Staff Profile: Angela Lyght

angela lyght_496-313In this issue, I want to recognize Angela Lyght, a development and employment specialist in our Office of Human Resources. She is responsible for two brand new initiatives here at the School: identifying and meeting the training needs of faculty and staff and overseeing our new orientation program. Topics for upcoming training and lunch-and-learn sessions Lyght is developing include stress management, the University Ombuds Office, international scholars, and conflict resolution.

Lyght has been employed with the University of North Carolina at Chapel Hill for nearly nineteen years. She began her career on a temporary assignment for the Area Health Education Centers, which led to a position in the Department of Psychiatry of the UNC School of Medicine. She worked there for two years, followed by two years in the Department of Cardiology, and then ten years in the Department of Radiology where she was promoted three times.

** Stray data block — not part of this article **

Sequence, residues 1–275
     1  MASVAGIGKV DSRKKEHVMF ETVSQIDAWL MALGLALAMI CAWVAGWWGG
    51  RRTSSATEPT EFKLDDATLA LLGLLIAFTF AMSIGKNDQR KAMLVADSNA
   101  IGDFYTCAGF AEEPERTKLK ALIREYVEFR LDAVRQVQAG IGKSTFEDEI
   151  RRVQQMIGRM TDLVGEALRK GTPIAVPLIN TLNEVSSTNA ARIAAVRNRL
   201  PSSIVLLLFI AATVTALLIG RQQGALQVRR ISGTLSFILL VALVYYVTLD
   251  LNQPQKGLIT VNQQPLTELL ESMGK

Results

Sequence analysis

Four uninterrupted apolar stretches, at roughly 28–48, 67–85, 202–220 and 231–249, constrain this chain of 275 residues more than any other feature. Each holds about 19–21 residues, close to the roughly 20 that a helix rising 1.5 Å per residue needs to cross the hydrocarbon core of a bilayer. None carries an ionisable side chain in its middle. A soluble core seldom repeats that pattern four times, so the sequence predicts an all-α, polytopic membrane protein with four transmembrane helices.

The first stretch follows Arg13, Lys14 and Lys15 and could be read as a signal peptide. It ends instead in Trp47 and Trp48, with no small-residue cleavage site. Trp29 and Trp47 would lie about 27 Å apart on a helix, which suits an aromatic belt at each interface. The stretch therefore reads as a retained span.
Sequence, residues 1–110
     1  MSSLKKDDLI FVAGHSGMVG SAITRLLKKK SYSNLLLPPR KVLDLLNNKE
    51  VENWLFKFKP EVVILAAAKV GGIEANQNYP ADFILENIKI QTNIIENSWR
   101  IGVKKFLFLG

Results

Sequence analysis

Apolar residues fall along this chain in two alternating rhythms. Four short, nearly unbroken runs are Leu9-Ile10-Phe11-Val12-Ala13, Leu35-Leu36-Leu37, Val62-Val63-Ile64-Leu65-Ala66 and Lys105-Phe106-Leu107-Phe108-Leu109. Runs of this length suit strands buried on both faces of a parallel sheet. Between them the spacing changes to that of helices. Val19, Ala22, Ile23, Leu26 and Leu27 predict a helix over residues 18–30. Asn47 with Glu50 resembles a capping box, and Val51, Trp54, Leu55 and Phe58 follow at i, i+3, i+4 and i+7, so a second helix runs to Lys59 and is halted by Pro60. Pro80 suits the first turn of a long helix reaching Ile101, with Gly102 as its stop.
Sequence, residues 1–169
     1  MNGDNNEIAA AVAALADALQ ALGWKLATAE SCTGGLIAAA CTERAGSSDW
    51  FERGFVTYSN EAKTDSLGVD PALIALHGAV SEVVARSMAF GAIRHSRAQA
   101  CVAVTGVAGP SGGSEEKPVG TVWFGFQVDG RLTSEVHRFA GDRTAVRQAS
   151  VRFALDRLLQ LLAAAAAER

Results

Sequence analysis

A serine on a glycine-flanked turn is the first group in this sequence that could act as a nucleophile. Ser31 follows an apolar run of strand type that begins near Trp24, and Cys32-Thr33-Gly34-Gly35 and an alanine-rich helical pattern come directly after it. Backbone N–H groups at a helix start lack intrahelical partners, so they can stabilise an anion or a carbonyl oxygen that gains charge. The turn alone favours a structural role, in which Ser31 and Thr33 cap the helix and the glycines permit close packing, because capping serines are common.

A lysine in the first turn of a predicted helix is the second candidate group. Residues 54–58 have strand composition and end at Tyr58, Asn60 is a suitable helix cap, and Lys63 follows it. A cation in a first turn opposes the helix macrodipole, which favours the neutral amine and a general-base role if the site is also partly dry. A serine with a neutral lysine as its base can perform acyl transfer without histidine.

In October 2005, Lyght moved to the UNC Eshelman School of Pharmacy to work for Leaf Huang, PhD, chair of the Division of Molecular Pharmaceutics. In June 2010, she made the move to HR. She is a recipient of the School’s Staff Award for Excellence.

Lyght holds a bachelor’s degree in behavioral science from Shaw University.


Faculty Spotlight: Angela D. M. Kashuba, PharmD

Angela Kashuba, PharmD

This year marks a turning point in the effort to stop the HIV epidemic. A clinical trial in Africa aimed at preventing infection had to be halted not because it was failing but because it was so successful that withholding the treatment from those in the control group would be unethical. The National Institute of Allergy and Infectious Diseases has put $32 million toward finding a cure in the next five years, believing that for the first time in thirty years it is actually possible. In addition, NIAID has poured another $5 million recently into the University’s efforts to prevent HIV infection.